In 2012, Kim et al. reported that the stability issue of perovskite complexes in electrolyte solutions can be resolved by using a solid state hole transport layer (HTL) such as N2,N2,N2′,N2′,N7,N7,N7′,N7′-octakis(4- methoxyphenyl)-9,9′-spirobi[9H-fluorene]-2,2′,7,7′-tetramine (spiro-MeOTAD, 792071).14 PV cells in this study showed a Voc that is dependent on the TiO2 film thickness (0.6–1.4 μm) and with the thinnest TiO2 film, 0.6 μm, a PCE of 9.7% was obtained. Surprisingly, an added HTL is not necessary for constructing a working perovskite PV cell; Etgar et al. showed that hole conductor-free perovskite PV cells made with a gold counter electrode deposited directly onto MAIP gave a PCE of 5.5% under AM1.5G light at 1000 W/m2 and 7.28% at 100 W/m2.15 Further progress was made in 2012 when Lee et al. reported an all solid state PV cell constructed with a perovskite formed from a precursor solution of PbCl2 and methylammonium iodide (MAI) in N,N-dimethylformamide (DMF) and an HTL of spiro-MeOTAD. This PV cell had a measured PCE close to 8%.16 This study also revealed that the TiO2 n-type semiconductor could be replaced by the electrically-insulating Al2O3, which gave an increase in PCE to 10.9%. Although the active perovskite in this study was referred to as (CH3NH3)PbI2Cl, it was later discovered that the active perovskite in this case was likely chloride-doped methylammonium triiodoplumbate [(CH3NH3)Pb(I3-xClx), CMAIP].17 Although spiro-MeOTAD was an early HTL material used in all solid state perovskite PV cells, other HTL materials have been used as well.18,19,20,21,22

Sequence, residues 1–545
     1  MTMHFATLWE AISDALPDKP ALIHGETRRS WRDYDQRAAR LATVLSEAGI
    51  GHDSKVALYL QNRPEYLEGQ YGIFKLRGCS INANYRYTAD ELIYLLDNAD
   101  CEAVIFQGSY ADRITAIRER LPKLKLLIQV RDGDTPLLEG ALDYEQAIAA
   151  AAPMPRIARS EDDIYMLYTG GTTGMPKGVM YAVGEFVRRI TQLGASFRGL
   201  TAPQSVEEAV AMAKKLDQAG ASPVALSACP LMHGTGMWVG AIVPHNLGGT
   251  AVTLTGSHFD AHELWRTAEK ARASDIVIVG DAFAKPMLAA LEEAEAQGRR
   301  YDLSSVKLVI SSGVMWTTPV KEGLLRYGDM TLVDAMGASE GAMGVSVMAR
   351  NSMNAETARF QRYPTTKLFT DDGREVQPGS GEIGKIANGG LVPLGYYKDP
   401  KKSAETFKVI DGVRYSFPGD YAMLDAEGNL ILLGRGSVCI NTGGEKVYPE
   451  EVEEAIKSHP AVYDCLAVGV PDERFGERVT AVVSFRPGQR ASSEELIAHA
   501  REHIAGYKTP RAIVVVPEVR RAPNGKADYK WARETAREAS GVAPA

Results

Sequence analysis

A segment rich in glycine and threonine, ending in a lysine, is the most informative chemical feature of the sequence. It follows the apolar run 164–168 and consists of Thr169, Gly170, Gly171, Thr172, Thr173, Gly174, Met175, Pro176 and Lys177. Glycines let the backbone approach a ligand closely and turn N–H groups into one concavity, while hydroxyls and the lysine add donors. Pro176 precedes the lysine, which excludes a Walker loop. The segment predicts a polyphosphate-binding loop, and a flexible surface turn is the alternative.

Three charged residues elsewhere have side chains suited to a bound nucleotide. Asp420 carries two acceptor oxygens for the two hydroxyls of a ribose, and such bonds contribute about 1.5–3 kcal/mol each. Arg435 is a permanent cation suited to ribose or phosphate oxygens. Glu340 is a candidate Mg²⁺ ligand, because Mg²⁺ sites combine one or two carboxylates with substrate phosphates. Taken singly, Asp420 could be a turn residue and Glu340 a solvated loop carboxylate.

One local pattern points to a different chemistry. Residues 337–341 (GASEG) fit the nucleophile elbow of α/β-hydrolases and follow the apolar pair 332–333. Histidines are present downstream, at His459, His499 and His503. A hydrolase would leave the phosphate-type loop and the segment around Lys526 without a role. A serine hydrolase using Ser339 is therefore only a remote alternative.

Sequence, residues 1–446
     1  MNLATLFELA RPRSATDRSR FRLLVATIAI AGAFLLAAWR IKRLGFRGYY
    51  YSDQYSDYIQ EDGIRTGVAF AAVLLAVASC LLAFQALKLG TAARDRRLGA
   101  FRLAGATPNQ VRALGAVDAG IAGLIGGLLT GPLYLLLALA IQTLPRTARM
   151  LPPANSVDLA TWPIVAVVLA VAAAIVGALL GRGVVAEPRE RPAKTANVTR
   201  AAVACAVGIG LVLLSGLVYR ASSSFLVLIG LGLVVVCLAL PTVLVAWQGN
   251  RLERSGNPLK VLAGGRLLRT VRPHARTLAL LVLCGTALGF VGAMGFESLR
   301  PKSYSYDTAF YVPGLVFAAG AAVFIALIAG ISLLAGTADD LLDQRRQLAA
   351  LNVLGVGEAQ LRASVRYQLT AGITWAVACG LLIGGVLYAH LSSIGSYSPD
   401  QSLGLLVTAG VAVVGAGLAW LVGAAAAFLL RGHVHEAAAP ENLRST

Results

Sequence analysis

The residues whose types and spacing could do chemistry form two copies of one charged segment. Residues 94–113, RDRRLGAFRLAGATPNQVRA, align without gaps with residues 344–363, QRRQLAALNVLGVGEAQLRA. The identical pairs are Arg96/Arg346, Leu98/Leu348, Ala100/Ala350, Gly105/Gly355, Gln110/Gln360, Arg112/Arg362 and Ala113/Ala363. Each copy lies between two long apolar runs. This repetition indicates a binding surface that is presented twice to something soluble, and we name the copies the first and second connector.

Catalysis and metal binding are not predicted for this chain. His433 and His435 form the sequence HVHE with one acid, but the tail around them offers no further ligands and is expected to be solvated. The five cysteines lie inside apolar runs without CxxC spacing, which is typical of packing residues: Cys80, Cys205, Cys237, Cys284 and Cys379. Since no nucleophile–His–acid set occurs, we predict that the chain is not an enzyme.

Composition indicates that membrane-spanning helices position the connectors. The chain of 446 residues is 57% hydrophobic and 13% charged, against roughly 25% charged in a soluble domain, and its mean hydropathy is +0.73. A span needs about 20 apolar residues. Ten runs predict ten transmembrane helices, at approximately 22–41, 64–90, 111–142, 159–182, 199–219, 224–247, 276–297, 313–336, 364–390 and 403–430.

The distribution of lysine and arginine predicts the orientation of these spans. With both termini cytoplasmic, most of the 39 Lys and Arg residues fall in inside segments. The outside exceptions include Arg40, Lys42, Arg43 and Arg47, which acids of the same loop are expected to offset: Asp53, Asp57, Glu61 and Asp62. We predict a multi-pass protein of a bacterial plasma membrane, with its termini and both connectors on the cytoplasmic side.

Perovskite deposition techniques